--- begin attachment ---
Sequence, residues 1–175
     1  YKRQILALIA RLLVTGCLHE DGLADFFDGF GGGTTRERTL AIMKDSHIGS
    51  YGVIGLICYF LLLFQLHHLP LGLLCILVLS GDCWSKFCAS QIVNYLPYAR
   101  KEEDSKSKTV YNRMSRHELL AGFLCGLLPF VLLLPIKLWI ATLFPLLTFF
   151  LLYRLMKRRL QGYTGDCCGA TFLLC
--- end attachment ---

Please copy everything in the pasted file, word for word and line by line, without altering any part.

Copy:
Sequence, residues 1–175
     1  YKRQILALIA RLLVTGCLHE DGLADFFDGF GGGTTRERTL AIMKDSHIGS
    51  YGVIGLICYF LLLFQLHHLP LGLLCILVLS GDCWSKFCAS QIVNYLPYAR
   101  KEEDSKSKTV YNRMSRHELL AGFLCGLLPF VLLLPIKLWI ATLFPLLTFF
   151  LLYRLMKRRL QGYTGDCCGA TFLLC